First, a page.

August 28, 2019

IntelBrief: Zarif Crashes G-7 Meeting

An Iranian plane can be seen at the airport in Biarritz, France Sunday, Aug. 25, 2019. Iranian Foreign Minister Mohammad Javad paid an unannounced visit Sunday to the G-7 summit and headed straight to the building where leaders of the world's major democracies have been debating how to handle the country's nuclear ambitions.  (AP Photo/Mstyslav Chernov).
  • Iranian Foreign Minister Mohammad Javad Zarif’s visit to the G-7 meeting on Sunday signals European resistance to the Trump administration’s Iran policy.
  • Despite provocative Iranian actions, G-7 European countries continue to seek ways to preserve the 2015 multilateral Iran nuclear agreement.
  • President Donald Trump’s refusal to meet with Zarif indicates that U.S. policy still focuses primarily on applying economic pressure rather than diplomacy.
  • G-7 countries have policy options to preserve the nuclear deal and to calm tensions with Tehran that cannot necessarily be derailed by U.S. opposition.   


At the invitation of French President Emmanuel Macron, the host of the August G-7 meeting, Iran’s Foreign Minister Mohammad Javad Zarif arrived at the margins of the meeting in Biarritz and held meetings with Macron, French Foreign Minister Jean-Yves Le Drian, and British and German diplomats. The ostensible purpose of the invitation to Zarif, according to French officials, was to continue discussions on French proposals to persuade Iran to return to full compliance with the 2015 Joint Comprehensive Plan of Action (JCPOA). The Trump administration abrogated the JCPOA in May 2018 and through a staged process, sanctions were re-imposed on Iran in November 2018. In May 2019, the administration ended all sanctions exceptions for the purchase of Iranian oil, causing a collapse in Iranian oil exports. This move set off a cascade of escalating tensions and Iranian provocations that brought the United States and Iran to the brink of conflict. Among those provocations have been modest violations of some of the JCPOA restrictions on Iran’s nuclear program.  

The intent of Macron’s invitation to Zarif was multifaceted. He likely sought to test the Trump administration’s assertion, reiterated by U.S. Treasury Secretary Steven Mnuchin upon Zarif’s arrival in Biarritz, that President Trump is willing to talk with senior Iranian officials without preconditions. However, no Trump-Zarif meeting took place in Biarritz, with President Trump explaining to reporters that ‘I think it’s too soon to meet, I didn’t want to meet.’ At the closing press conferences in Biarritz, President Trump reiterated his willingness, in principle, to meet with Iranian President Hassan Rouhani, while at the same time reiterating his criticism of the JCPOA as a ‘bad deal’ and restating extensive American demands for a revised JCPOA. President Macron expressed hope for a Trump-Rouhani meeting in coming weeks, presumably during the U.N. General Assembly meetings in New York in September. Rouhani at first reacted with willingness to meet Trump, but by Tuesday, pressure from hardliners inside Iran caused him to restate the view that U.S. sanctions must be lifted as a precondition to any direct U.S.-Iran high-level talks, leaving the prospects for the meeting uncertain.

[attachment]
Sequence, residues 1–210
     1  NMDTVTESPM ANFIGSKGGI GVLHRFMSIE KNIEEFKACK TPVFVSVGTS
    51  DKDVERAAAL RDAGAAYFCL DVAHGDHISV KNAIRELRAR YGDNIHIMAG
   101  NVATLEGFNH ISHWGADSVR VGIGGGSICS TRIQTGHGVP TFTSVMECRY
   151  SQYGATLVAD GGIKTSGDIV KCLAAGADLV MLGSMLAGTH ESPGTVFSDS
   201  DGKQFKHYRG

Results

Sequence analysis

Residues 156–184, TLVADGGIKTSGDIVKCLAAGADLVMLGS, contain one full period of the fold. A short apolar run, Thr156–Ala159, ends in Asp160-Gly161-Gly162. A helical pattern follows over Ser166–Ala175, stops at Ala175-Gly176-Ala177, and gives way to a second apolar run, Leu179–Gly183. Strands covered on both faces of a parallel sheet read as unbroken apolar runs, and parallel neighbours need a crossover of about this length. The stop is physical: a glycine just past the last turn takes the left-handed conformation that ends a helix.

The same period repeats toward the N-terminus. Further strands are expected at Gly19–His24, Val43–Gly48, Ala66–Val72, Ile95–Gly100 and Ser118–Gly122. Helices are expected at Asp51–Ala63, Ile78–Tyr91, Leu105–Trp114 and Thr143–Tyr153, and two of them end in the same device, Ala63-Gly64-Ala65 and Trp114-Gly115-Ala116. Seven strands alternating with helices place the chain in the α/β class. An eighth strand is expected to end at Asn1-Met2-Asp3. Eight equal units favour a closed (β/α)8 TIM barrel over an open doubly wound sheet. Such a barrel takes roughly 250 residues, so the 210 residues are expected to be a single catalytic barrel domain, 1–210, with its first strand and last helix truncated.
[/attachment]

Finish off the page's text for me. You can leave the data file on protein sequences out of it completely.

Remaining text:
Macron’s invitation to Zarif to join the summit in Biarritz highlighted Macron’s intent to demonstrate European resistance to the Trump administration’s policy of ‘maximum pressure’ on Iran. During the G-7 summit, Macron highlighted his proposals and recent discussions with Iranian leaders, including Zarif, to return Iran to full compliance with the JCPOA in exchange for new European initiatives to deliver to Iran the economic benefits of the JCPOA. One European proposal would involve persuading the Trump administration to provide a U.S. sanctions exception for China to buy larger quantities of Iranian oil. These suggestions directly contradict U.S. policy, which has been to drive Iran’s oil exports ‘as close to zero as possible.’ To date, the administration has categorically refused to reverse its decision in May to end the sanctions exceptions on the purchase of Iranian oil. U.S. officials have even gone to the point of threatening to impose sanctions on a European effort to conduct transactions with Iran through a European special trading vehicle (Instrument in Support of Trading Exchanges, INSTEX). INSTEX, which has begun processing transactions for food and medical sales to Iran, was established with the specific purpose of providing Iran incentive to stay in the JCPOA.   

Another European proposal, which might gain traction, involves providing credits to Iran in exchange for future Iranian oil deliveries, contingent on Iran’s return to full compliance with the JCPOA. The proposal presents the Trump administration with a dilemma, because no U.S. sanction would clearly or effectively apply to any European decision to provide official credits or cash grants to Iran. Indicating tacit backing for—or perhaps acquiescence to—the proposal at the G-7 final press conference, President Trump discussed the plan as credits to be provided by multiple countries, and to be secured by Iranian oil. He did not indicate the United States would participate as a creditor. If the administration backs the plan, doing so would likely represent a recognition that the United States has limited ability to prevent its implementation. The plan, if conducted on a large enough scale, has the potential to calm U.S.-Iran tensions more broadly by easing Tehran’s financial difficulties. 


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